August 26, 2019
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HSBC, J.P. Morgan help Pemex refinance debt, provide $8 bn in lines of credit

 Mexican President Andres Manuel Lopez Obrador (L), HSBC Mexico CEO Nuno Mateos (2L), JP Morgan Mexico President and Director Felipe Garcia (2R) and Mizuho President and CEO Jerry Rizzieri (R) take part in the signing of an agreement, in Mexico City, Mexico, May 13, 2019, to refinance Pemex's debt through two credit lines worth eight thousand million dollars. epa-EFE/ Sashenka Gutierrez

Mexican President Andres Manuel Lopez Obrador (L), HSBC Mexico CEO Nuno Mateos (2L), JP Morgan Mexico President and Director Felipe Garcia (2R) and Mizuho President and CEO Jerry Rizzieri (R) take part in the signing of an agreement, in Mexico City, Mexico, May 13, 2019, to refinance Pemex's debt through two credit lines worth eight thousand million dollars. epa-EFE/ Sashenka Gutierrez

Mexico City, May 13 (EFE).- Investment banks J.P. Morgan, HSBC and Mizuho Securities showed their confidence Monday in the Mexican government, agreeing to refinance the debt of Petroleos Mexicanos (Pemex) and provide the state-owned oil company with two lines of credit totaling $8 billion.

"It's being expanded in terms of the amount and we're talking about an available fund of $8 billion. And the interest rate has also been reduced," President Andres Manuel Lopez Obrador said during his daily morning press conference at the National Palace.

Accompanied by executives from the three financial firms, the leader of the leftist National Regeneration Movement (Morena) said he was not "taking on debt" for Pemex, which the new administration is committed to rescuing.

The president said the funds would be used, "as they say colloquially, just in case."

For many years, Pemex has been dealing with a large debt burden, a situation that has been exacerbated by costly labor liabilities and a decline in production.

Foreign Relations Secretary Marcelo Ebrard, for his part, said the refinancing of part of Pemex's debt and the renewal of two of the oil company's revolving credit lines was one of the "greatest" transactions in the history of the Mexican state.

Ebrard praised the fact that "three of the largest institutions in the world" handled a transaction that provides a lifeline for Pemex.

The Pemex debt refinancing marks "progress" in the effort to "prop up and accelerate" economic growth in Mexico, Ebrard said.

Finance and Public Credit Secretary Carlos Urzua said a presidential executive order had been signed to reduce the tax burden on Pemex.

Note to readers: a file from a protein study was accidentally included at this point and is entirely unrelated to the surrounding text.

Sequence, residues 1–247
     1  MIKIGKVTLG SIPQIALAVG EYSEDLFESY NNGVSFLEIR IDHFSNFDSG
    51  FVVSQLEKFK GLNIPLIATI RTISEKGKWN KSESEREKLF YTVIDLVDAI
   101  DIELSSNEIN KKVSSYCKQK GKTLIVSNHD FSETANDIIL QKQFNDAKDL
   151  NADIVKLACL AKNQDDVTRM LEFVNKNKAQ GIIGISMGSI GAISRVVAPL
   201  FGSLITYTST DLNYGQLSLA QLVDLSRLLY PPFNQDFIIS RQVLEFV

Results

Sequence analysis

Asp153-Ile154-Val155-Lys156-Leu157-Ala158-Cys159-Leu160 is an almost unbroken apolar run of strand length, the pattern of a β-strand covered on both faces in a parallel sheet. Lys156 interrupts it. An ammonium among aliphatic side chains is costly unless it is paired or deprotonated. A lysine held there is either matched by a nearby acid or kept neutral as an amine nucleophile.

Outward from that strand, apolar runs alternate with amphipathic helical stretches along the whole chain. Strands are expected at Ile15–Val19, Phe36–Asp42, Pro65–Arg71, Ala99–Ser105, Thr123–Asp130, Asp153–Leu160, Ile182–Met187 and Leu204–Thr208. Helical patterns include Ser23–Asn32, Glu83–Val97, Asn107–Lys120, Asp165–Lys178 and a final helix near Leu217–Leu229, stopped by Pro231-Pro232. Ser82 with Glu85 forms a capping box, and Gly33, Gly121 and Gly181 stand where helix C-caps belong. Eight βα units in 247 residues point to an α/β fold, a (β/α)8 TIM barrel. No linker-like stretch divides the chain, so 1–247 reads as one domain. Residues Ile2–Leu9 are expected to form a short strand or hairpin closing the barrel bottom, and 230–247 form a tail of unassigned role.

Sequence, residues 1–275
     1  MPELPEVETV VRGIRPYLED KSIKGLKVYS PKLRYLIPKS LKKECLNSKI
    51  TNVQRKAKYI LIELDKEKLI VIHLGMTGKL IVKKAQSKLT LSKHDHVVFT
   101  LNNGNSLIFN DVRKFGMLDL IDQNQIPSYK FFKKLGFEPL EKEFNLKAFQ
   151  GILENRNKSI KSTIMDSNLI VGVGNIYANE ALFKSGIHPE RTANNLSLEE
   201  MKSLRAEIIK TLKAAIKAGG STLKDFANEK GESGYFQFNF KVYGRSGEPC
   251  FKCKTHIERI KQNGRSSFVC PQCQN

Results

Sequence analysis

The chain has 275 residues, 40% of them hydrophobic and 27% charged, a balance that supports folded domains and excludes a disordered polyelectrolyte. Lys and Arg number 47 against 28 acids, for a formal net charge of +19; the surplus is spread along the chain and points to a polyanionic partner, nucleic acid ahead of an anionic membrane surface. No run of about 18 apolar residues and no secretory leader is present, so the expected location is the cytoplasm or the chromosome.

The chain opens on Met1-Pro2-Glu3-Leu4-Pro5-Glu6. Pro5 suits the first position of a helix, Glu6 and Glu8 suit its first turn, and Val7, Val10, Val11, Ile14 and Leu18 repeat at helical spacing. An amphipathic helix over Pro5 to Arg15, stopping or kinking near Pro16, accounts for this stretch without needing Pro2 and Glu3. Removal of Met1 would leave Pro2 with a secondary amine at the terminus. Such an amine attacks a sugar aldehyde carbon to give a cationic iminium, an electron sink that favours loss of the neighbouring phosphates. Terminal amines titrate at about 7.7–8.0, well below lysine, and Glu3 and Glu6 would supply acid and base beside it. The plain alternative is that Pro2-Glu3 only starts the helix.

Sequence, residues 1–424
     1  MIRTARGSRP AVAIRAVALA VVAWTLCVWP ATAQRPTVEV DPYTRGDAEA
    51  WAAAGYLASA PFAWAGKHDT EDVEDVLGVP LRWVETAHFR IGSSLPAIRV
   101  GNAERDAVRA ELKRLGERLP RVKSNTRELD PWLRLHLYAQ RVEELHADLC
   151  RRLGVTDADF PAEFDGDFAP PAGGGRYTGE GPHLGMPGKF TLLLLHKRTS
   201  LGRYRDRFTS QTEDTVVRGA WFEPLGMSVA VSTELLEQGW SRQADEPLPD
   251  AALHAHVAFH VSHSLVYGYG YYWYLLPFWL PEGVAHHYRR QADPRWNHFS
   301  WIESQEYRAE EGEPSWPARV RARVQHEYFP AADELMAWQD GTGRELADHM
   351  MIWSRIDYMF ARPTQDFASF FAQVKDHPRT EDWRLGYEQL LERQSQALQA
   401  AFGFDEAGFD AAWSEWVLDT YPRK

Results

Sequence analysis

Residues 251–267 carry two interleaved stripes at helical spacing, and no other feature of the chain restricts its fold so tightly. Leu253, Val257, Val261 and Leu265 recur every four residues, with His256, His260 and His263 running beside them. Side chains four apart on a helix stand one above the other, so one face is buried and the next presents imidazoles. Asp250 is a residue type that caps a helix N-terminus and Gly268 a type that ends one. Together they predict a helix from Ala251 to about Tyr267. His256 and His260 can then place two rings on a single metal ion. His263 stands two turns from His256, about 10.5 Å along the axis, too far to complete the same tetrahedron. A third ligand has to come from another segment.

"We have milked the cow for a very long time," Urzua said, referring to the high tax rates Pemex was forced to pay.

Pemex CEO Octavio Romero praised the agreement with London-based HSBC, New York-based J.P. Morgan and Japan's Mizuho, a deal that was reached after five months of negotiations.

Romero said no other new debt would be taken on, adding that this was one of the main problems affecting Pemex, which went from owing 841 billion pesos $44.077 biillion ) to carrying debt totaling more than 2 trillion pesos ($104.821 billion).

So far, the Lopez Obrador administration, which took office on Dec. 1, has managed to reduce the debt by 18 billion pesos (about $943 million), Romero said.

"This agreement with the international bankers consists of the refinancing of $2.5 billion in debt and the renewal of two revolving lines of credit of $5.5 billion. In both cases, with an extension of three to five years," the Pemex CEO said.

Nuno Matos de Macedo, head of HSBC Mexico, said the transaction was a "show of confidence" toward "Pemex, Mexico and the current administration," allowing the state-owned company to improve the "operation and financial structure of Pemex and the energy sector."

Ahead of the markets' reaction to the news, Lopez Obrador said the agreement was a response to those who "distort reality" and have been highly critical of the new administration's plan to rescue Pemex.

"(The fact that) these banks are showing confidence in us is a good message," the president said.

In February, the administration announced a series of special measures for the oil company that, along with the fight against fuel theft, would add to 107 billion pesos (about $5.6 billion) to Pemex's coffers.

The administration's policy toward Pemex was roundly criticized by some specialists and prompted downgrades by credit-rating agencies.

In a report, J.P. Morgan said at the time that it was "disappointed" with the measures, but the company changed course on on Monday by backing the Lopez Obrador administration with this deal.

Felipe Garcia-Moreno Rodriguez, president and CEO of J.P. Morgan Mexico, noted that "within the bank itself, we have analysts who, like the press, can express opinions on the different issues."

"We have great confidence in Pemex and the government of Mexico, we believe that ... several actions are being taken that are very conducive toward the strengthening of the company, its development and growth prospects," he said.

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